Notwithstanding the previous ideas, it does not mean that we are not able to have an objective analysis in the scientific research. Thus, following Myrdal, it is enough with communicating and checking the value judgment we are going to be based on at the beginning of the research. In this way, unlike the orthodox Economics, Social Economy as a scientific research field, not only recognize this value influence, but also considers it as an essential element in order to detect the social problems and propose concrete actions to them (Tomás Carpi, 1998). Thus, the ethic value prevailing the Social Economy would be human life, personal freedom, democracy, development of the production processes compatible with the evolution of the society and the environment, and equity of opportunities (Tomas Carpi, 1997). Researchers involved in these principles are interested in detecting when they are not met and, in those cases, suggest a feasible way in order to satisfy them. Notwithstanding, it is laudable to consider if these solutions are put into practice and also if they contribute to solve the problem. The experience has demonstrated that these actions not only works to manage some situations, but also to increase the social cohesion in the territories. A good example is the measure of reducing the salaries in institutions belonging to the Social Economy sector, allowing the workers to keep their jobs and preventing them from a possible social exclusion.
However, the unrecognized ethic value presiding all the neoclassical economic theory is the competence (or market) (Guzmán, 2005; Coraggio, 2011). In this context, the problem takes place when this value not only constitutes the axiological level from which all the theorists start their analytical research, but when it becomes the dominant vision for current society. In this sense, by observing around us, it is easy to realize that the competition paradigm is governing the rest of the structures of the social and economic system (Sampedro, 1983).
To this respect, it is timely to point out the contribution made by Cunha (1988), who differentiate between the functional and territorial ethics. The first one is composed of values such as efficacy, economic rationality, individualism, domination of the Nature and priority of possessing. These values are implemented through the priority of the market Economy, the search of profit, the risk and the individual interest, and in policy terms, through hierarchical and authoritarian structures who keep the status quo. Territorial ethics is based on values such as equity, social rationality, solidarity, respect of Nature and priority of the human being. These values are materialized into the Economy through the priority given to the mixed Economy, satisfaction of necessities, safety and collective interest; and in political terms through structures opened to participation and democracy. In this way, we identify the functional ethics with the orthodox Economy, and the territorial one with the Social Economy (Chaves, 1999).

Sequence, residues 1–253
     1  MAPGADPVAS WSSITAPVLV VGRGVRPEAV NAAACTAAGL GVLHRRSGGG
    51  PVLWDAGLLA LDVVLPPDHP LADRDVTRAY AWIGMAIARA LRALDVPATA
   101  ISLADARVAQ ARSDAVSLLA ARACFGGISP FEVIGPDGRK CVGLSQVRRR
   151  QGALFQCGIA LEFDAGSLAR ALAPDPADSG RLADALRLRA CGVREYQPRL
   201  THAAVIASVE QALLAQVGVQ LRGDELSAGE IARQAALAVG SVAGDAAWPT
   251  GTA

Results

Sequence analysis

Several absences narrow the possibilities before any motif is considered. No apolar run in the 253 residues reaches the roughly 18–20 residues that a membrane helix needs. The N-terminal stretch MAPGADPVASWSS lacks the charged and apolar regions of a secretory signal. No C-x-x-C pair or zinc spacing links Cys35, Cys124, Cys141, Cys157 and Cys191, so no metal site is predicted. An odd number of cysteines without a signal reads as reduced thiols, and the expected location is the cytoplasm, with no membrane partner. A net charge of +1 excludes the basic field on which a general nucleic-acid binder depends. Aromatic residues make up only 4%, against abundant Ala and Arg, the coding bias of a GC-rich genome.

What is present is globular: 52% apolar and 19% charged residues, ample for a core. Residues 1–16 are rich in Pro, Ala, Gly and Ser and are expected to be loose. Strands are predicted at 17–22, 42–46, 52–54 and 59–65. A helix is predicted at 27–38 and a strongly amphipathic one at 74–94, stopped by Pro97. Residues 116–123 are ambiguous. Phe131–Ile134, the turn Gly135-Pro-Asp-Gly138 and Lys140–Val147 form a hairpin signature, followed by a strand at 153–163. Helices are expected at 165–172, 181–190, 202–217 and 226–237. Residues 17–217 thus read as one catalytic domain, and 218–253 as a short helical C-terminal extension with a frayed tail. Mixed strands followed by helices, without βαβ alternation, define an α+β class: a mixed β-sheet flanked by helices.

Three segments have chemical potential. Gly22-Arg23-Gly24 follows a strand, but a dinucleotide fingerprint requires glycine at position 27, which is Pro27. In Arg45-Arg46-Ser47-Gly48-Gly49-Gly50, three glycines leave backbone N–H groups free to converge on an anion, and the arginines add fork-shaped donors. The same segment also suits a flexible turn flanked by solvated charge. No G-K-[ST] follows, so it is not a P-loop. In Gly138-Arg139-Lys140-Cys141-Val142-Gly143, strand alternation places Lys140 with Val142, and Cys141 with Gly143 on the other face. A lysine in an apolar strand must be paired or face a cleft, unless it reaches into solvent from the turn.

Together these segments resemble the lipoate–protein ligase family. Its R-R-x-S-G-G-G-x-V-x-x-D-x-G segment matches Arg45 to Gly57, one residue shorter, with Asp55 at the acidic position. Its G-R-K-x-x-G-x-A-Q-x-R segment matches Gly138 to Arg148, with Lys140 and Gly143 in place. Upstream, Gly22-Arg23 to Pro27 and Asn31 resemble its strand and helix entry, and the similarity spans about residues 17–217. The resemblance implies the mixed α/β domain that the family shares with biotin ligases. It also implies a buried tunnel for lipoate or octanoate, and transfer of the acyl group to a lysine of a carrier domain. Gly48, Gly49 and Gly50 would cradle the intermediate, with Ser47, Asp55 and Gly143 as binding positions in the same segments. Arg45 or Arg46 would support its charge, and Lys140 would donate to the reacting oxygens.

As a whole, as a consequence of the values under which the Social Economy researcher carries out their analysis, they will be guided by the identification of social problems and by the proposition of a viable solution to that respect. In this way, the economist leave his role of mere observer (typical in the conventional Economics) to be actively involved with a politically committed role (Chaves, 1999). Social Economics is intended to being socially useful (Tomás Carpi, 1988), taking into consideration all the aspects included in the problem and all the consequences all the solutions can entail, beyond economic terms (Hirschman, 1984). This idea reveals the need of adopting an holistic, dynamic and historic perspective in the study of the reality involved in the Social Economy sector (Chaves, 1999), which makes this science a more complete framework in order to understand the world we are experiencing currently.
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Cunha,A. (1988). Systèmes et térritoires: valeurs, concepts et indicateurs pour un autre développement, L’éspace géographique, 3, pp. 181-198.
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After finishing her degree on Economics in the University of Seville, Carmen Guzmán obtained a MBA in finances at INSEEC (Paris) and worked for the private sector for a year. However, her motivations to continue learning and researching led her to study a Masters degree in Economics and Local Development at the University of Huelva, where she discovered the significance of the Social Economy and the necessity of promoting it. Thus, she is currently in the third year of her PhD developing a research on this sector. Her study attempts to identify the behavior of the companies belonging to the Social Economy sector in terms of entrepreneurial orientation, in order to characterize this entrepreneurial structure and to give the appropriate recommendations.
On the other hand, she takes part in the International Research Group for the Territorial Intelligence C3IT, and in the research group called “Research Techniques and Economic Development” from the University of Huelva. In addition to this, she also collaborate with the research group “SMEs and Economic Development” from the University of Seville. Nowadays she is developing a research stay at the University of Liège in the Centre of Social Economy in order to immerse herself in the Social Economy community research.